Dogs have a special place in the law
IN READ v J. Lyons & Co. Ltd.  AC 156, Lord Simonds said (in relation to animals and the law), “.... beasts have travelled in a compartment of their own”. This is certainly true for dogs, who have an act dedicated to them. From The Modern Law of Animals, 1972, the learned judge in the case of Seachwell v Lennon and another Suit No. C.L. 1999/S191 (Judgment delivered on March 5, 2004) explored the rationale for the existence of a special act for dogs and quoted the following extract:
“. . . broadly speaking, dogs are privileged to roam and that, in ordinary circumstances, the owner of a dog does not act unreasonably towards others in permitting it to do so. No like privilege is conceded to any other animal which is likely as a dog to inflict serious injury. The position of a dog is special; and this warrants the imposition of strict liability in respect of them.”
Strict liability is provided for in Section 2 of The Dogs (Liability for Injuries By) Act:
The owner of every dog shall be liable in damages for injury done to any person, or any cattle or sheep by his dog, and it shall not be necessary for the party seeking such damages to show a previous mischievous propensity in such dog, or the owner’s knowledge of such previous propensity or that the injury was attributable to neglect on the part of such owner. Such damages shall be recoverable in any court of competent jurisdiction by the person injured, or by the owner of such cattle or sheep killed or injured.
When interpreted, this section means that the owner of a dog may be liable for the damage and loss caused by his dog even if he is not at fault. (An example of a strict liability offence in another area of the law is driving without insurance).
Under the act, the ‘owner’ of that dog is broadly defined to mean that the occupier of premises in which a dog resides could be deemed to be that dog’s owner unless that occupier can prove that he was not the owner of the dog.
The fact that there is strict liability for damage or loss caused by a dog does not mean that a claim to recover damages must succeed, and the Searchwell case in which a tenant of a flat was attacked and injured by the 24 dogs owned by her landlord and landlady makes that point.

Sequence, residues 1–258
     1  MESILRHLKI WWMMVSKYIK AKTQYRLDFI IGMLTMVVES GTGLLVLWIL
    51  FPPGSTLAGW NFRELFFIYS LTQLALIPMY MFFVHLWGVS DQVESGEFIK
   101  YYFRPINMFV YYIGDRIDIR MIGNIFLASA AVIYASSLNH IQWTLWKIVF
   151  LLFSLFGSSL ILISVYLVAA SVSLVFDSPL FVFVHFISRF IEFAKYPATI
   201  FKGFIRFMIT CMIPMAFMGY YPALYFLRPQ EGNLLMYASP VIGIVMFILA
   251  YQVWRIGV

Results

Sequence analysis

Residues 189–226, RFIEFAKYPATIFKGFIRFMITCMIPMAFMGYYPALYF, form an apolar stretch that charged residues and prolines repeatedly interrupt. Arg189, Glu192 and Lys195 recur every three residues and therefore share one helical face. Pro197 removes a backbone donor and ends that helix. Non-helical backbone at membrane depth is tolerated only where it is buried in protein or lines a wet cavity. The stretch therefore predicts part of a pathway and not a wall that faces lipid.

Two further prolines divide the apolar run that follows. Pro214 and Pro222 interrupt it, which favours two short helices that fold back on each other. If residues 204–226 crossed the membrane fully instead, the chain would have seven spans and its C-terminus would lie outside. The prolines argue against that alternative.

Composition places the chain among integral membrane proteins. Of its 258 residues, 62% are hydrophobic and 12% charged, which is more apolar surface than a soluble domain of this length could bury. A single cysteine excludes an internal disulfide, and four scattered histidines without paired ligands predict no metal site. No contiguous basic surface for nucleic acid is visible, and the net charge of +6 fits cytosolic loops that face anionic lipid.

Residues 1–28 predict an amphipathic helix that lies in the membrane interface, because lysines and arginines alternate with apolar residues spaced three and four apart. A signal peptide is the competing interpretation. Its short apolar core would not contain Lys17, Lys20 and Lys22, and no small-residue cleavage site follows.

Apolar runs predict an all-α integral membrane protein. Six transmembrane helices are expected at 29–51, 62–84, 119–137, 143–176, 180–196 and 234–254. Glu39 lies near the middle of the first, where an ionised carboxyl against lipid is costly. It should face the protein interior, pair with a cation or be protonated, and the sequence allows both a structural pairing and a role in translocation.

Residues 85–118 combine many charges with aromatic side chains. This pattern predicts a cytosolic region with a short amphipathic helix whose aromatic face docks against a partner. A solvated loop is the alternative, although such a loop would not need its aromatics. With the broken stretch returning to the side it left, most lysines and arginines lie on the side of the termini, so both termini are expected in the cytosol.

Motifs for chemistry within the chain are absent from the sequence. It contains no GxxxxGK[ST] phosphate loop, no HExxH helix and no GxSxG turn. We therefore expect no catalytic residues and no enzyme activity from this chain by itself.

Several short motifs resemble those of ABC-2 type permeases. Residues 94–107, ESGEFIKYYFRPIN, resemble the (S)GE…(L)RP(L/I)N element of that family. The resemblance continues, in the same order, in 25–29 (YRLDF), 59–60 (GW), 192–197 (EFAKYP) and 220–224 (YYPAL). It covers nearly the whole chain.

The incident occurred a mere three days after Searchwell started to live at the premises, and while she was attempting to wash her laundry. In dismissing the claim, the learned judge provided some useful insight about dog-bite claims:
1. The act does not impose absolute liability, so defences such as trespass, negligence, and contributory negligence can still be raised in the defence of the claim. (See Wilson v Silvera (1959) 2 W.I.R. 40.
2. The learned judge accepted that the tenant was told to exercise caution in the use of the property and to wait to be escorted by the landlord and landlady while entering or leaving until the dogs became familiar with her. For that reason, by entering the wash area without an escort, Searchwell was a trespasser in that area at that time.
3. By agreeing to live on a property with dogs, the tenant did not reduce the potential liability of the owners in relation to the dogs.
4. Searchwell disobeyed the express instructions of the owners not to go to the wash area unescorted and, by doing so after only three days on the premises, she was found to have been negligent.
5. Despite the existence of the act, the owner of a dog may be liable at common law for negligence or under statute for employer’s or occupier’s liability; but that did not change the outcome for Searchwell.
It is likely that dogs will retain their privileged position to roam, so their owners are all likely to carry the special burden of being liable for injuries causes by them without prove of fault.